19th Aug 2021

In recent years painting technology has changed tremendously. Not only have paints and varnishes improved, but the methods of application, and the tools of the trade, brushes and rollers, have also improved.

There is a huge variety of sizes and shapes, textures and materials to choose from, as well as the consideration of conditions, surface and type of paint being used.  Will it be interior or exterior?

Once you have finalised where you want to paint, it’s time to pick your tools.


Bristling Choices

The first choice to make when choosing paintbrushes is whether to go for natural or synthetic bristle. At Hamilton, we offer both options (you can view our full range of paint brushes).

The first choice to make when choosing paintbrushes is whether to go for natural or synthetic bristle. As a general rule, use synthetic bristle for applying water based paints or varnishes. Natural bristle tends to absorb water based products, which reduces the amount of paint being applied. This also causes the bristles to go limp, reducing the quality of your brushstrokes. On the other hand, natural bristles are ideal for oil based glosses and varnishes, as these are not absorbed by the bristles.

Synthetic brushes:

It is important to consider the size of the area that requires painting. Synthetic brushes can only hold a small amount of paint so these brushes are best suited for smaller areas or sections.

  • Synthetic brushes do not wear as quickly as bristle and therefore last longer, however it is wise to bear in mind, this means they do not ‘break in’ to suit your painting style.
  • Consider the amount of time you wish to spend painting. Synthetic brushes do not spread paint as well as bristle, and need more time for the paint to be worked in.
  • As synthetic brushes do not swell significantly in water, they are less likely to leave brush marks in waterborne paint.
  • Synthetic brushes are easier to clean.
  • There is less chance of bristle loss when painting with a synthetic brush.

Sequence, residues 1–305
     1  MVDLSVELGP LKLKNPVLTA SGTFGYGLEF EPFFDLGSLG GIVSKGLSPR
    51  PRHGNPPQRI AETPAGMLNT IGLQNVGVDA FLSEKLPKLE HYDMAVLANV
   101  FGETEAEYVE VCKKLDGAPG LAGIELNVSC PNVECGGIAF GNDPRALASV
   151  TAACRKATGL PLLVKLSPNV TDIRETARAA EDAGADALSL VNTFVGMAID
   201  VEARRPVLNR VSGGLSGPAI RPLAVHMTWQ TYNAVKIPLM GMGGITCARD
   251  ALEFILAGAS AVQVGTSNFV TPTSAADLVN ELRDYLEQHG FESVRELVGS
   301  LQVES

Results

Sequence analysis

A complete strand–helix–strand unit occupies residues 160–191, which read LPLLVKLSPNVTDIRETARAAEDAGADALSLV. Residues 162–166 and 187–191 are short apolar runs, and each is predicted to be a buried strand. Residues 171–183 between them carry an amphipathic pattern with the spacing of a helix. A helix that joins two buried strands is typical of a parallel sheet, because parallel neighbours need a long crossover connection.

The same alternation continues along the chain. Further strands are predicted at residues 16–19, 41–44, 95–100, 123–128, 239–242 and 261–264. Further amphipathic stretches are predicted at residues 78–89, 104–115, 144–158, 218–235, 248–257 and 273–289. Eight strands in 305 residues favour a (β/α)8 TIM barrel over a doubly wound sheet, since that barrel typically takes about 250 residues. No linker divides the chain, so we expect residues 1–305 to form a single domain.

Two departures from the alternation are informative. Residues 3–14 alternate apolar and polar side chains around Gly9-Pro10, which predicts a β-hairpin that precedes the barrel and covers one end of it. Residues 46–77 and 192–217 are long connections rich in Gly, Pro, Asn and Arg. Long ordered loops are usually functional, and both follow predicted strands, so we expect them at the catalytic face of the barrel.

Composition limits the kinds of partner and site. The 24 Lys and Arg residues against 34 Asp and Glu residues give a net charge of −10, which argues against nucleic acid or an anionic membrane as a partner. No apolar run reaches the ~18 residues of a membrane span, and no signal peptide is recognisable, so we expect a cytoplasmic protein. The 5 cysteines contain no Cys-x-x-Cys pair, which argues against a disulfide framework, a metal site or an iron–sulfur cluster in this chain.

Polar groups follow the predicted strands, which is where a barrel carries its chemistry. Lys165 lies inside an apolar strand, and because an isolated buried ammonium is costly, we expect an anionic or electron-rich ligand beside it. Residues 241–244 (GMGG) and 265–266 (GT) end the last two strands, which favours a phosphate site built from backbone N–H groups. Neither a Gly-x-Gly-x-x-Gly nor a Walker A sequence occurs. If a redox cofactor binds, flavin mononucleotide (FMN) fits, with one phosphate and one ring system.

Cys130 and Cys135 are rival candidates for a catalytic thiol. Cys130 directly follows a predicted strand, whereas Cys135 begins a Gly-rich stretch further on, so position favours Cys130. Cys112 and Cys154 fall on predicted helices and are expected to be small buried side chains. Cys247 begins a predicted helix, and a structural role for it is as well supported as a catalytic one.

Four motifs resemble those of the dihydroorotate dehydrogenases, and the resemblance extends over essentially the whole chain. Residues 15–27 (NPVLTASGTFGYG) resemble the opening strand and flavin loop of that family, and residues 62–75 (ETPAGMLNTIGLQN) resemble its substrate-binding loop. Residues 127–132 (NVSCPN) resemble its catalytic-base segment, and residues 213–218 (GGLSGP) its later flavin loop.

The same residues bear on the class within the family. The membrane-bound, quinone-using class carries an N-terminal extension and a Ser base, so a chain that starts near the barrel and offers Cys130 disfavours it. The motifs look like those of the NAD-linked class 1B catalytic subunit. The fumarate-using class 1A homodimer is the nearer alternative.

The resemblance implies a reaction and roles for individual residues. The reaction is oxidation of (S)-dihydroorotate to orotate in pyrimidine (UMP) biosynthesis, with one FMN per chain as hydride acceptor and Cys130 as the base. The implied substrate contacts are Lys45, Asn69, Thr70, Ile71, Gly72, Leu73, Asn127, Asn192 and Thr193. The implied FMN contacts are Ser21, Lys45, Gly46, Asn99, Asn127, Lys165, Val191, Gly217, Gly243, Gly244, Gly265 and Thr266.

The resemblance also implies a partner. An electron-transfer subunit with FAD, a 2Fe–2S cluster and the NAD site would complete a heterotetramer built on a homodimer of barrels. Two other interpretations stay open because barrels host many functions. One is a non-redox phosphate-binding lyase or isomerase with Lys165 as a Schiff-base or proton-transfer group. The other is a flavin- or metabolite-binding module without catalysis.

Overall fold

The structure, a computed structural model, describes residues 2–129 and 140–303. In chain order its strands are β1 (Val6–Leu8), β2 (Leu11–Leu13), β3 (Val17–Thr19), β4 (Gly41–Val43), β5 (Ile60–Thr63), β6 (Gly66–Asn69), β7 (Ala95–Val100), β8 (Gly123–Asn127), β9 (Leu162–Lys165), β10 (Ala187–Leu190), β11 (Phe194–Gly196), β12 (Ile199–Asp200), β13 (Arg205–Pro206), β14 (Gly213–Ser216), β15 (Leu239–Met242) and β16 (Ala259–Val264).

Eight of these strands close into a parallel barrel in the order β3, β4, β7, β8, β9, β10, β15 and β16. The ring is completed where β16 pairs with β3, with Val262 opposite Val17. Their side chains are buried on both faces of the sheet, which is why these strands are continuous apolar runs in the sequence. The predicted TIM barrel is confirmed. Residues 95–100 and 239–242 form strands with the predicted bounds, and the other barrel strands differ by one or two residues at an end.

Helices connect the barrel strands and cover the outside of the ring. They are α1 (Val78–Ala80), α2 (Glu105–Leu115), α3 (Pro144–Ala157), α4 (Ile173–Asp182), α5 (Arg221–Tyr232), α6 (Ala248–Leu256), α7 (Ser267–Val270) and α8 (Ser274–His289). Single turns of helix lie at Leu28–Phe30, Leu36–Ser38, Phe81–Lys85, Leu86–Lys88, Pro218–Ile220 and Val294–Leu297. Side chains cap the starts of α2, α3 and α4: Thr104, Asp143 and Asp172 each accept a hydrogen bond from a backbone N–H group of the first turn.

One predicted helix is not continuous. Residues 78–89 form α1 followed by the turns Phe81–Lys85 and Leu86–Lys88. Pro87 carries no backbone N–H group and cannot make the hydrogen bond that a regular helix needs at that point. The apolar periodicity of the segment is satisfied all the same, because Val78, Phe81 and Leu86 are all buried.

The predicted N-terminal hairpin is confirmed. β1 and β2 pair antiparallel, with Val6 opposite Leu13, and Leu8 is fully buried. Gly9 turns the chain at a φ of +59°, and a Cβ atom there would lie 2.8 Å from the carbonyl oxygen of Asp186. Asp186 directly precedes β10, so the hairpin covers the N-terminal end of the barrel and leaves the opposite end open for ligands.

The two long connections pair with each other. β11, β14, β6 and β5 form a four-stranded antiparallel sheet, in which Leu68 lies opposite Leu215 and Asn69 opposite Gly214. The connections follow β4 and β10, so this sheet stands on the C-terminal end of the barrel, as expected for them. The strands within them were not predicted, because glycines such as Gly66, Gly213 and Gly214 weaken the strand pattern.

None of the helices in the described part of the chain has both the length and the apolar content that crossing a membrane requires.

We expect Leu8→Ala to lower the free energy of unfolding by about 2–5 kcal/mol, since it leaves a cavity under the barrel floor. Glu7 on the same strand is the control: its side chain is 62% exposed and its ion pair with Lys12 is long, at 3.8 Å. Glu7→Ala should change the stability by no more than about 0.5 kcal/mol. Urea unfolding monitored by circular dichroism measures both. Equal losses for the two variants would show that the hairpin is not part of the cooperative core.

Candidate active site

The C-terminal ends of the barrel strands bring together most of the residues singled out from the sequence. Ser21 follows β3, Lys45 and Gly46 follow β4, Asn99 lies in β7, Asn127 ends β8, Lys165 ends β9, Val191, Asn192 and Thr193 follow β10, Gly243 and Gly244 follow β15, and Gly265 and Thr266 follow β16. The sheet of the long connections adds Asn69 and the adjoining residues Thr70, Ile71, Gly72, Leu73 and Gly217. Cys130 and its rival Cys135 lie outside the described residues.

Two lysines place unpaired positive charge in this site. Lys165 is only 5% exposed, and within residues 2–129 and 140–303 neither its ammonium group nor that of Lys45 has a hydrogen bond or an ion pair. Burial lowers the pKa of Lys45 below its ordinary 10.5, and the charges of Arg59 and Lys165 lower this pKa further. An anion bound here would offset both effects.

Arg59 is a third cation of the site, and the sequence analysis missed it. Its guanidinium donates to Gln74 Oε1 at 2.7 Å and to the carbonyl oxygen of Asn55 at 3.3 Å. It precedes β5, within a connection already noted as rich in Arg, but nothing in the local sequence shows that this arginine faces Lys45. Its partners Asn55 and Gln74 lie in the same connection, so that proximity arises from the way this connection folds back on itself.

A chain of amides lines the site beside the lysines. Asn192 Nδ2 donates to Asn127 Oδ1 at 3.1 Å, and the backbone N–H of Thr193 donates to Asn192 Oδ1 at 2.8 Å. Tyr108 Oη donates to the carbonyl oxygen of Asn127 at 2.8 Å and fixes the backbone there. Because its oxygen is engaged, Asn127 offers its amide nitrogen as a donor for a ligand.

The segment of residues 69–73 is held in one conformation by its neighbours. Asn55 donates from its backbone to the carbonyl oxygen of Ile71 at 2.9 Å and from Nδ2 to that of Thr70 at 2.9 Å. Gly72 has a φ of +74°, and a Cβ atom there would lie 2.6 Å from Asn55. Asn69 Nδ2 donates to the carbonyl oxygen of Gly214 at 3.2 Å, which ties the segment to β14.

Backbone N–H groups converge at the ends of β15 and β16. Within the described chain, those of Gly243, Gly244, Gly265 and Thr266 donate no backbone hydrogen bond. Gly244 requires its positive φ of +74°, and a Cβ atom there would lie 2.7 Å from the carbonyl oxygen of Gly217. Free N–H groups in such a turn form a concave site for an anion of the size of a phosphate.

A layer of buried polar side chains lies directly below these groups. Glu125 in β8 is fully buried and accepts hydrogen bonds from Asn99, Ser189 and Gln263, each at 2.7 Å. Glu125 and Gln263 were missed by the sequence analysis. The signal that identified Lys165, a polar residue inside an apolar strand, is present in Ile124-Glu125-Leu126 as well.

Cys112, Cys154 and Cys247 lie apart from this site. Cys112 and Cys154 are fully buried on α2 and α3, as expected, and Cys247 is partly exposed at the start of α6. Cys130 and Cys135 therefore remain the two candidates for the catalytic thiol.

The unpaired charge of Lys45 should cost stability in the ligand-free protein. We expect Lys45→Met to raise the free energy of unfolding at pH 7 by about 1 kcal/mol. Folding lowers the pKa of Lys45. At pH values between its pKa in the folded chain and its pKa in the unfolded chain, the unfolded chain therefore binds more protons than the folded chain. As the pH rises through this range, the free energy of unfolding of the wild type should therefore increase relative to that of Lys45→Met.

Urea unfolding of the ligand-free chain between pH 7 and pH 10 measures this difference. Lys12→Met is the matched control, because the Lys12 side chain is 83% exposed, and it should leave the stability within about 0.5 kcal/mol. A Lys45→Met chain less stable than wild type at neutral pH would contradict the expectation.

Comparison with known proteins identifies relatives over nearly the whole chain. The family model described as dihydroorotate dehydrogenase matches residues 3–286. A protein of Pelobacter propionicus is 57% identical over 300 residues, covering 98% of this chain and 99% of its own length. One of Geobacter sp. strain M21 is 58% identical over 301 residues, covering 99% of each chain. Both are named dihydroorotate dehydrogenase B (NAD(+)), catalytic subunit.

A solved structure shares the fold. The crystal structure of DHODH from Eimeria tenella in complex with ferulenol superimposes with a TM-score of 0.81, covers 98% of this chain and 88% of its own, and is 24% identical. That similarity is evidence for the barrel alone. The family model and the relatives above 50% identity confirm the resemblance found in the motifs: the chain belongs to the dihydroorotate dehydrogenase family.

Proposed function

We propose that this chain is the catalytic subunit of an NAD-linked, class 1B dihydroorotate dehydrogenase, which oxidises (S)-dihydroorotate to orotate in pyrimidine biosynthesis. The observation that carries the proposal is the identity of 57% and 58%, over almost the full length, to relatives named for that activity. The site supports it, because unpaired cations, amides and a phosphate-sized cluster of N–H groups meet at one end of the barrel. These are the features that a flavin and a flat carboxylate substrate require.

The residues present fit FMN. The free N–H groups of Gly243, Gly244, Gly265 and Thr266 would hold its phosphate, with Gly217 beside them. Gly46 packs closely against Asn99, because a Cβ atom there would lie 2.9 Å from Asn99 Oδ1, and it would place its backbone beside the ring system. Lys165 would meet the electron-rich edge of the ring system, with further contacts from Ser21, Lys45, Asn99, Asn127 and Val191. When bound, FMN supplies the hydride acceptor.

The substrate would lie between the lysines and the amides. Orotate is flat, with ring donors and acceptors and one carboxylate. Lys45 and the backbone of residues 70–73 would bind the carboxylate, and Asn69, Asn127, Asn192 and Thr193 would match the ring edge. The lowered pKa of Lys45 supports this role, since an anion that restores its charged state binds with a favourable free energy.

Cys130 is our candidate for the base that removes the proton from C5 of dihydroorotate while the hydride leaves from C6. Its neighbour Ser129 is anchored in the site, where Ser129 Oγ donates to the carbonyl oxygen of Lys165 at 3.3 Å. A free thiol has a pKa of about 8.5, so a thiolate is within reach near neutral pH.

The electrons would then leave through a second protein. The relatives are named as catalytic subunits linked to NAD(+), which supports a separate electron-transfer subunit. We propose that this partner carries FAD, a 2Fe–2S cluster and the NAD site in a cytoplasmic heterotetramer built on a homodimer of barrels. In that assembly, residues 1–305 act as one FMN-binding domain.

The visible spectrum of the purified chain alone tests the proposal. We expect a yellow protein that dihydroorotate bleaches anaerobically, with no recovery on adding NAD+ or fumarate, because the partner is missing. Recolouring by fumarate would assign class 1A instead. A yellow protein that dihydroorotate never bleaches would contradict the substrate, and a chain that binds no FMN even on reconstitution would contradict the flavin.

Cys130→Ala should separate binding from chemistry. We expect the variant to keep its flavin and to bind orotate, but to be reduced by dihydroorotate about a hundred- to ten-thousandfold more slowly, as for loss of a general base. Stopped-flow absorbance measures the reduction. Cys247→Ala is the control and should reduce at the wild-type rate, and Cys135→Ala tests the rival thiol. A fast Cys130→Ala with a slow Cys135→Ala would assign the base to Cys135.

Bristle brushes:

When painting large areas, bristle brushes hold more paint which means less time spent loading the brush and more time painting.

  • Bristle brushes, however, are more likely to lose bristles – hence the reason to invest in a good quality Hamilton brush.
  • Bristle brushes tend to spread paint further the first time, which means that the paint doesn’t need to be as worked in, resulting in a better finish.
  • Natural bristle ‘breaks in’ allowing the user of the brush to have better control.
  • As natural bristle swells in water, there is the potential for water marks to be left when using a waterborne paint.
Styles of Brush

For painting smaller areas, such as window frames it is usual to use a brush slightly smaller than the width being painted. This means that your brush does not overhang the edge, which can cause drips. Alternatively you may prefer to use a sash brush which has a rounded tip. These brushes allow you to paint into narrow corners, as the shape of the bristles prevents the brush splaying out and depositing the paint where it is not wanted. As sash brushes are rounded in shape they are easy to turn, and make awkward profiles like spindles easier to reach, while at the same time applying a more even coat than standard brushes.

For fine cutting in on flat surfaces you may wish to consider using an angled sash brush. These usually have a flat handle, with the bristles set at an angle to the handle. The bristles on these brushes are tapered to give you greater control for fine work, and are ideal for skirting boards and panel doors. Many decorators also find them more comfortable to use than standard straight brushes.


Painting with a roller can you provide you with extra speed and versatility and are ideal for painting large areas.

As with brushes, there is a wide range of paint rollers on the market, and again it pays to select the correct type for the job in hand. Generally, the smoother the surface you are painting, the shorter the pile on the roller can be. For smooth plastered internal walls a very short pile can be used, or even a foam roller, which holds more paint, and means less stops to reload the roller. On the other hand, for an external Tyrolean render you will need a very long pile roller. Small, long handled rollers will help you get in behind awkward fixtures for a complete professional job.

Some professionals recommend using paint pads instead of rollers for smooth surfaces. Because there is no rolling action, there is less paint splatter, and the regular shape of the pad means you can paint into corners and edges, so there is less cutting in to be done. However, others suggest that the quality of finish from a paint pad is not as good as a roller. Alternatively, trim rollers can be used to speed up the cutting in around sockets, light switches etc, reducing the time you spend using a brush.

Whichever combination you prefer, it is important not to choose the cheapest brushes and rollers available, as these can leave bristles and lint in the paint you apply, which spoils the finished job.

You can view our full range of rollers.


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